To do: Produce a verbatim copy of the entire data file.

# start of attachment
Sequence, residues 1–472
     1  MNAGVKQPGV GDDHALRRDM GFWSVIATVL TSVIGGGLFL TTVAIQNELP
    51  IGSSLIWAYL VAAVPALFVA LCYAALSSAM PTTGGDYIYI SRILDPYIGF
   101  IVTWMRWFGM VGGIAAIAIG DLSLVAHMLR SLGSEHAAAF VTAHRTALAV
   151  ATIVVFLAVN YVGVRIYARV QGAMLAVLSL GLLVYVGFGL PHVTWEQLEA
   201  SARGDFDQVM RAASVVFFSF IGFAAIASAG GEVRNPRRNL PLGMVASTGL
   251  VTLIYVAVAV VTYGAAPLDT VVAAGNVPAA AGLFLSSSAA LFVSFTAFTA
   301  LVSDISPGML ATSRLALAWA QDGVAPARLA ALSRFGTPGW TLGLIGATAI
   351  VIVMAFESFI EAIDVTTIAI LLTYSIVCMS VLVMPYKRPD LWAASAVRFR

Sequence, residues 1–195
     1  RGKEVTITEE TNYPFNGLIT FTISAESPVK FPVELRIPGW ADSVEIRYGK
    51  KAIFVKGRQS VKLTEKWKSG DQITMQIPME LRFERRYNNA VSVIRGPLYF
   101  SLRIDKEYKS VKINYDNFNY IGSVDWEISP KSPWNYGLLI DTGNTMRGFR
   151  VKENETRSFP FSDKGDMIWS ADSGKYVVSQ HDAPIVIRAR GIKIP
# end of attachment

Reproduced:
Sequence, residues 1–472
     1  MNAGVKQPGV GDDHALRRDM GFWSVIATVL TSVIGGGLFL TTVAIQNELP
    51  IGSSLIWAYL VAAVPALFVA LCYAALSSAM PTTGGDYIYI SRILDPYIGF
   101  IVTWMRWFGM VGGIAAIAIG DLSLVAHMLR SLGSEHAAAF VTAHRTALAV
   151  ATIVVFLAVN YVGVRIYARV QGAMLAVLSL GLLVYVGFGL PHVTWEQLEA
   201  SARGDFDQVM RAASVVFFSF IGFAAIASAG GEVRNPRRNL PLGMVASTGL
   251  VTLIYVAVAV VTYGAAPLDT VVAAGNVPAA AGLFLSSSAA LFVSFTAFTA
   301  LVSDISPGML ATSRLALAWA QDGVAPARLA ALSRFGTPGW TLGLIGATAI
   351  VIVMAFESFI EAIDVTTIAI LLTYSIVCMS VLVMPYKRPD LWAASAVRFR

Sequence, residues 1–195
     1  RGKEVTITEE TNYPFNGLIT FTISAESPVK FPVELRIPGW ADSVEIRYGK
    51  KAIFVKGRQS VKLTEKWKSG DQITMQIPME LRFERRYNNA VSVIRGPLYF
   101  SLRIDKEYKS VKINYDNFNY IGSVDWEISP KSPWNYGLLI DTGNTMRGFR
   151  VKENETRSFP FSDKGDMIWS ADSGKYVVSQ HDAPIVIRAR GIKIP